We used the δ1B line to analyze the apparent recognition of MICA and MICB. MICA transfectants of Daudi cells, which lack β2M and surface MHC class I (16), were as effectively lysed as Daudi-β2M- MICA double transfectants with normal expression of class I (Fig.2A) (13). Transfectants of the lymphoblastoid cell line mutant 5.2.4, which lacks expression of most MHC class II molecules (17), were also recognized (Fig. 2B) (13), as were transfectants of mouse T cell lymphoma EL4 cells (12). No lytic activity was observed against B cell lines with diverse MHC haplotypes. Thus, the δ1B T cell responses were independent of MHC class I and class II and were not secondary to cross-reactivity with some alleles of these molecules. Cytotoxicity against the transfected target cells was inhibited when these cells were preincubated with mAbs 2C10 or 6D4 (Fig. 2, C and D). The epitopes recognized by these mAbs are within the α1α2 domains of MICA and MICB, as determined by stainings of C1R transfectants expressing mouse class I H-2Db or Kb hybrid molecules in which the α1α2 or α3 domains have been substituted with the corresponding sequences of MICA (8, 12). The δ1B T cells lysed C1R-MICAα1α2-Db cells, but not C1R- MICAα3-Kb cells (12). Thus, Vδ1 γδ T cells from intestinal epithelium were restricted by MICA and MICB and recognized an epitope or epitopes associated with the α1α2 domains of these molecules.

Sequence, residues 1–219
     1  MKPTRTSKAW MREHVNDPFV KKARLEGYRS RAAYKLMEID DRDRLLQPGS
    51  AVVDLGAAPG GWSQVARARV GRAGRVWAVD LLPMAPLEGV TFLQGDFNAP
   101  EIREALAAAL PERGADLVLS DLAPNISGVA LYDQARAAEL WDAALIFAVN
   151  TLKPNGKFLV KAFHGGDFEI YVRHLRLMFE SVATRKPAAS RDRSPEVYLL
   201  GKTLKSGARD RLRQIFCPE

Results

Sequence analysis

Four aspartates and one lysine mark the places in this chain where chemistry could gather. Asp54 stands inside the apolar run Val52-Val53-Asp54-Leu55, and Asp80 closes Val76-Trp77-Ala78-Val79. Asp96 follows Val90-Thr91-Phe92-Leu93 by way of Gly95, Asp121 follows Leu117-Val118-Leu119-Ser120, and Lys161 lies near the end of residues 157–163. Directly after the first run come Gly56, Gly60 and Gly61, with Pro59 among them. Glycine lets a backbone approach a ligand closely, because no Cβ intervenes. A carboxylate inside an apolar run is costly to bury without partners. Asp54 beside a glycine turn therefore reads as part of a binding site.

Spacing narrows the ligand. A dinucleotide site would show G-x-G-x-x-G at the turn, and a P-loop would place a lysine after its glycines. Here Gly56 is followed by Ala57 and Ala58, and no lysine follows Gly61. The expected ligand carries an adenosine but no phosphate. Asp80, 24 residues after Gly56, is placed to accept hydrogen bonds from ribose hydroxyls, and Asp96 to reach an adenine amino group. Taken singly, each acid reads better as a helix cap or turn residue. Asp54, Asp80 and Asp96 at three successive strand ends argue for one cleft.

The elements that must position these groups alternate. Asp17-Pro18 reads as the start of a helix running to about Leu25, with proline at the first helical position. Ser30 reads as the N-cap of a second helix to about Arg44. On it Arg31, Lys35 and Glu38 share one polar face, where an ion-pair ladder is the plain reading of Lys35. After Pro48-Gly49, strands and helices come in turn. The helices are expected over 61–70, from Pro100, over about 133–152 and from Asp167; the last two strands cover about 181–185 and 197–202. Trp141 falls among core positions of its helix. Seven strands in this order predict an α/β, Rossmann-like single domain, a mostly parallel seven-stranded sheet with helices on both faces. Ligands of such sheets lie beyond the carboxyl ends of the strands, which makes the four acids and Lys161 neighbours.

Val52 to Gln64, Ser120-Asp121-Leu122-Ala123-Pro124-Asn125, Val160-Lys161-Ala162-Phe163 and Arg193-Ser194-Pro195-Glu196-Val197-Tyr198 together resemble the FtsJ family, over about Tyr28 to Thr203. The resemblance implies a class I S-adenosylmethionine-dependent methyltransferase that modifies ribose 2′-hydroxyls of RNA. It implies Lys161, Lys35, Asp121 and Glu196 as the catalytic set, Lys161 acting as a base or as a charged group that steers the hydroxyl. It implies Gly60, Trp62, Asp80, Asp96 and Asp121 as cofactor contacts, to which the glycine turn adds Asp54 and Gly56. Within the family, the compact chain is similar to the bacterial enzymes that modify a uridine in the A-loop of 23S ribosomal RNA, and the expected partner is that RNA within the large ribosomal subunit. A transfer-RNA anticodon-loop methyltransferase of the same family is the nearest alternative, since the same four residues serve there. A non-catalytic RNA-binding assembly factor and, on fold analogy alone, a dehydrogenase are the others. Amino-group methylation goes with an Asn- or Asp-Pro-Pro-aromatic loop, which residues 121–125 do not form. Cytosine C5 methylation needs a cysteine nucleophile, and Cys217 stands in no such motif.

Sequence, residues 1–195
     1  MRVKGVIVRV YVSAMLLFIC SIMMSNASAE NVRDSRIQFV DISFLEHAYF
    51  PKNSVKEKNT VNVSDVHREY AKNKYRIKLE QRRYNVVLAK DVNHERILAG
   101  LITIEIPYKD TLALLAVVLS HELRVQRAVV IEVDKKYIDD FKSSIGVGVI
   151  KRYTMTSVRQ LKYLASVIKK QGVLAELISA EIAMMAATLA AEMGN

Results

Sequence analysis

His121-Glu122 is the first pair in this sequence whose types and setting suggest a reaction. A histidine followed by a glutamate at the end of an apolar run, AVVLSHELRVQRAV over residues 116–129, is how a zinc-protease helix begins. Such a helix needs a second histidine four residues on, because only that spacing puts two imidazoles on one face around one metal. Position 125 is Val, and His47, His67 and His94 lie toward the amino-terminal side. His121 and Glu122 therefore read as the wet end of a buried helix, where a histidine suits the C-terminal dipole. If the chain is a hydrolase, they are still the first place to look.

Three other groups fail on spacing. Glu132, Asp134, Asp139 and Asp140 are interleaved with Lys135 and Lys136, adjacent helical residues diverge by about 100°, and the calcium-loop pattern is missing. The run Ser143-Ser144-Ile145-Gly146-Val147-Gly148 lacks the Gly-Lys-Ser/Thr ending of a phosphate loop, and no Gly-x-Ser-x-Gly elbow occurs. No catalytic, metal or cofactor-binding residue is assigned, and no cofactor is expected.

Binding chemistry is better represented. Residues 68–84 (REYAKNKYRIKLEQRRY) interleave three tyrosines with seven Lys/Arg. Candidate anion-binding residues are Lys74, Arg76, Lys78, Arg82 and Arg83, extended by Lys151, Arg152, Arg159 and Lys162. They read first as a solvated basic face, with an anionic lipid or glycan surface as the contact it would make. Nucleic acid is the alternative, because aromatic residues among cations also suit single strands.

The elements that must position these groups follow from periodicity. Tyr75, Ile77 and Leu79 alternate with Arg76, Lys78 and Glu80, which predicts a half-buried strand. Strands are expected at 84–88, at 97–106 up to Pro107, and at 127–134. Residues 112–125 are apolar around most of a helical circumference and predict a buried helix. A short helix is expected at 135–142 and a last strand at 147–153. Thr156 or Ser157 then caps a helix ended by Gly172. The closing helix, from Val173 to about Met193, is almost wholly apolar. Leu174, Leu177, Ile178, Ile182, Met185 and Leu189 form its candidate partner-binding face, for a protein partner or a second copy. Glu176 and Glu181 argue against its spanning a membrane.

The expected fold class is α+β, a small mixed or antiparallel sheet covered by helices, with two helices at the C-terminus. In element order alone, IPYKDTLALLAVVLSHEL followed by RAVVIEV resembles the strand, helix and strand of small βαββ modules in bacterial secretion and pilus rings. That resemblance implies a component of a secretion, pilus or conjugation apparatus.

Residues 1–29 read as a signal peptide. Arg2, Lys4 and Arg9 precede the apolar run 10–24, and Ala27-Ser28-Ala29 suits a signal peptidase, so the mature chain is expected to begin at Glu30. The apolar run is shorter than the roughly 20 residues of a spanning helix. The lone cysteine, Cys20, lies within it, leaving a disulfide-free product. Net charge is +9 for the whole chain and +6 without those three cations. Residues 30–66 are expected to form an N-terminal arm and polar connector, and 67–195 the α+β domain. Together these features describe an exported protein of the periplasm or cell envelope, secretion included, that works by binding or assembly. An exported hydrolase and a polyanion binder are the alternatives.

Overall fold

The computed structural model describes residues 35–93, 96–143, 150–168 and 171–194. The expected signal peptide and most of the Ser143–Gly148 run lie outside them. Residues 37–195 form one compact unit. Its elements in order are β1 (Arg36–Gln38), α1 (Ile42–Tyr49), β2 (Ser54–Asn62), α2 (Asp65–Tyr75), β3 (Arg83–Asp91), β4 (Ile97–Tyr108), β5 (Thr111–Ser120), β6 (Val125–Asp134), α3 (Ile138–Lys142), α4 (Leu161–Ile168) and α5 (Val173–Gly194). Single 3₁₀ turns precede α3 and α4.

Figure 2

Vδ1 γδ T cell responses are restricted by MICA and MICB and are independent of β2M and conventional class I antigen processing. (A andB) The δ1B T cells lysed Daudi-MICA (β2M, class I), Daudi-β2M-MICA (class I+), and 5.2.4-MICA (DR, DQ, TAP) transfectants but showed no or minimal lytic activity against the untransfected cells. (C and D) Binding of mAbs 2C10 (anti-MICA) and 6D4 (anti-MICA and -MICB) inhibited lysis of C1R-MICA and C1R-MICB targets, respectively. Treatment with the anti–HLA-A, -B, and -C mAb W6/32 (21) or isotype control IgG had no effect. (E and F) Gel filtration analysis of acid-dissociated immunoprecipitates isolated with mAbs 2C10 or W6/32 from C1R-MICA cells after metabolic labeling with [3H]amino acids (20).